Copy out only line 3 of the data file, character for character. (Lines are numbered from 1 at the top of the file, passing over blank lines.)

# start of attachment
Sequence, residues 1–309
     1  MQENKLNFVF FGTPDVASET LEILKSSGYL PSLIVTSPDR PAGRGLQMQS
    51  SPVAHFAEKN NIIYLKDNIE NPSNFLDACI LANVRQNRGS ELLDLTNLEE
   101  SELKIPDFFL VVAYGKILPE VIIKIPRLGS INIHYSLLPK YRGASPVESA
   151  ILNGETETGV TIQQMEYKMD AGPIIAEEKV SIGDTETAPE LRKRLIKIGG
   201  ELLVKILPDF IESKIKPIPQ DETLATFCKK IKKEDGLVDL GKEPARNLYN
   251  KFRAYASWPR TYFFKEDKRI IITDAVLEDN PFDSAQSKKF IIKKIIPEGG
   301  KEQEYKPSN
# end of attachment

    51  SPVAHFAEKN NIIYLKDNIE NPSNFLDACI LANVRQNRGS ELLDLTNLEE